Grade 9, the new matric?

2016-02-18 06:00

IN the year your child turns seven, he or she starts the routine of attending school, but at what age can a child legally shrug off classes and books?

According to the SA Schools Act, the first exit point in the South African schooling system is the end of the Grade 9 year, which is the general education and training certificate (GETC) phase where they are awarded the certificate.

If a pupil has not enrolled at, or fails to attend school, the HOD may:

• investigate the circumstances of the pupil’s absence from school;

• take appropriate measures to remedy the situation; and

failing such a remedy, issue a written notice to the pupil’s parent.

A parent who keeps their child out of school faces the possibility of a fine or jail of up to six months.

What qualifies as a school?

A school has to be registered with the Department of Education and has to meet the criteria outlined by the department.

‘The South African Schools Act defines a school as “a public school or an independent school which enrols pupils in one or more grades between Grade 0 and Grade 12” - this is according to the Western Cape Education Department­ director of communication, Paddy Attwell.

The pupil will have completed general­ education and training (Get), which covers Grades R to 9, but has no true qualification.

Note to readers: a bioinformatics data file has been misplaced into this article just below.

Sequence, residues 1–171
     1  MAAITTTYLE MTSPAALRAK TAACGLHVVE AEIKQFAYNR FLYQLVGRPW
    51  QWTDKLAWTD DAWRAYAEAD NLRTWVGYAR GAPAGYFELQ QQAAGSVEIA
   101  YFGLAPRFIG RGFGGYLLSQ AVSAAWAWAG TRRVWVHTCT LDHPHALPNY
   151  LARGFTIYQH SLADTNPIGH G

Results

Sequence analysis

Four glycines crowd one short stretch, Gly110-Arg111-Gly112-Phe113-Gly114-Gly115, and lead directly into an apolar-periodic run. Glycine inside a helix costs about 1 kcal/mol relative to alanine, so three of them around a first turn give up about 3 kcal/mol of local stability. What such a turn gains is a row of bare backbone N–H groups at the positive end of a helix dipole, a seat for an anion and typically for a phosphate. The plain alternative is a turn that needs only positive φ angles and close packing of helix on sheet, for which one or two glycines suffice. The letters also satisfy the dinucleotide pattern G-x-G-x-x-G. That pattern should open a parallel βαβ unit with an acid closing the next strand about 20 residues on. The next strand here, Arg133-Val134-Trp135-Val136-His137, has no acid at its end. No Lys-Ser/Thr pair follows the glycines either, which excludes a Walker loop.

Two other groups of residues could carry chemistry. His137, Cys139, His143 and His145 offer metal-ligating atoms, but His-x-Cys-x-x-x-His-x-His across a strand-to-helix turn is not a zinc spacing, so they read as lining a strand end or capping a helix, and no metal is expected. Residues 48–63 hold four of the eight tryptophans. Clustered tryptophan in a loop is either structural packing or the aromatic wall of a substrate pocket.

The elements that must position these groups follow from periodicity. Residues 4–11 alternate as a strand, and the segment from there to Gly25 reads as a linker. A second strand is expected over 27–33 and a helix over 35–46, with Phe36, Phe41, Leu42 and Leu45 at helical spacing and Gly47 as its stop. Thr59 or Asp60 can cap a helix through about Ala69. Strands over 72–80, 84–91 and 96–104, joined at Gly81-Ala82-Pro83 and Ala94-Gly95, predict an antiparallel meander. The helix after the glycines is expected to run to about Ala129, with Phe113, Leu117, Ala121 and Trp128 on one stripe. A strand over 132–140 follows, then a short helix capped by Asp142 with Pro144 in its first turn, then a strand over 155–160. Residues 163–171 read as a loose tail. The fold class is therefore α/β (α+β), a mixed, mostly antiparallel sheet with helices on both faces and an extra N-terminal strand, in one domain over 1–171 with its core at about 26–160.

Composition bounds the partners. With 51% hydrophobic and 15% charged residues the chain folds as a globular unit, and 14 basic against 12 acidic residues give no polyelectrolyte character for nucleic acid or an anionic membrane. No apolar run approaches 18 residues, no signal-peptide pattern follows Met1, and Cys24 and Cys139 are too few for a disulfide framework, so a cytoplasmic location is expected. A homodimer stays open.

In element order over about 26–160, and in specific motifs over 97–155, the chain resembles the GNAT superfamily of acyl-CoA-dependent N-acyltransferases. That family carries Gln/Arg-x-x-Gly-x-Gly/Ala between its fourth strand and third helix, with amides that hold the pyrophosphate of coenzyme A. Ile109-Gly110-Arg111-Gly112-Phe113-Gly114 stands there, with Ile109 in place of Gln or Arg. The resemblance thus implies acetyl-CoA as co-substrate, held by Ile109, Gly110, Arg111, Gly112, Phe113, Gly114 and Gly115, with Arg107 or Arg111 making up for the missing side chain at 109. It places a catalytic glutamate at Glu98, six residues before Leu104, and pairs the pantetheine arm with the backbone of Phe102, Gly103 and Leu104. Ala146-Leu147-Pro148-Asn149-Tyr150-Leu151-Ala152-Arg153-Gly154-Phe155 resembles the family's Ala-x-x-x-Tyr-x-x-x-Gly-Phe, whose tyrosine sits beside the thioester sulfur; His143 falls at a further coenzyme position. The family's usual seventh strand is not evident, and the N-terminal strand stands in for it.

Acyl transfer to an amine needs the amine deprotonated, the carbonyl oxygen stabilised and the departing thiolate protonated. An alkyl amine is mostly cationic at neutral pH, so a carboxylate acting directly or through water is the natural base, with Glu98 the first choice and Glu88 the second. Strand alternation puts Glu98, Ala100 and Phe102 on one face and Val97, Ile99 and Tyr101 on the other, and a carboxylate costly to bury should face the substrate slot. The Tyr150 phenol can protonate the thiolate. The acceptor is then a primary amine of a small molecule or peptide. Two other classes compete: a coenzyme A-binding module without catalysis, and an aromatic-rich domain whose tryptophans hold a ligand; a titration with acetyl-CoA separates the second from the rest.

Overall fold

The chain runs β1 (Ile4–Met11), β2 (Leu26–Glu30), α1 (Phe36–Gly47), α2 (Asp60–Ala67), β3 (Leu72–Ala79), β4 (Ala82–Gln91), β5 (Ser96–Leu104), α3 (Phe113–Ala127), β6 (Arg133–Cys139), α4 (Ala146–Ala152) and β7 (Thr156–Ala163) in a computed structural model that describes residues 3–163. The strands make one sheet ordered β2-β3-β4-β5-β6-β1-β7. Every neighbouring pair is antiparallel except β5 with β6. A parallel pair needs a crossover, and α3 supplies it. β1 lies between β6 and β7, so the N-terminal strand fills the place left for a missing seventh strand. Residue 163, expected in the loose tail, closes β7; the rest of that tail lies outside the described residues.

‘The national Department of Education is considering a GETC, but the matter is still under discussion,” says Attwell.

The next step after Get is further education­ and training (FET) in either a school, covering Grades 10 to 12, or equivalent levels in FET colleges. Pupils­ can transfer to FET colleges after­ Grade 9.

Greg Crighton, an educational psychologist and expert for Parent24, says that he believes that children should only leave school after Grade 12 as the current status of the job market­ is going to make it difficult for unskilled people to be employed.

There are, however many people leaving before then for a number of socioeconomic­ ­and educational reasons­, but not being able to pay school fees should not be an obstacle, he explains.

‘There are government schools that have reduced fees in poor areas and there are considerable rebates on fees if a person can prove they are unable to pay school fees.

According to the Constitution, a person cannot be denied the right to an education,’ says Crighton.

- Supplied.

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